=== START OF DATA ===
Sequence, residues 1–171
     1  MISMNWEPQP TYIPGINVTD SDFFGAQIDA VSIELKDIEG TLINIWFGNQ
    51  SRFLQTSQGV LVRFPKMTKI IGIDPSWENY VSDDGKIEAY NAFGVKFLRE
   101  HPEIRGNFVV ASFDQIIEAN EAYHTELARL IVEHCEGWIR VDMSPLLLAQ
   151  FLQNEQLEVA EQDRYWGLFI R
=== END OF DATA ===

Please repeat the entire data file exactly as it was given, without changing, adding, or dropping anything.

Sequence, residues 1–171
     1  MISMNWEPQP TYIPGINVTD SDFFGAQIDA VSIELKDIEG TLINIWFGNQ
    51  SRFLQTSQGV LVRFPKMTKI IGIDPSWENY VSDDGKIEAY NAFGVKFLRE
   101  HPEIRGNFVV ASFDQIIEAN EAYHTELARL IVEHCEGWIR VDMSPLLLAQ
   151  FLQNEQLEVA EQDRYWGLFI R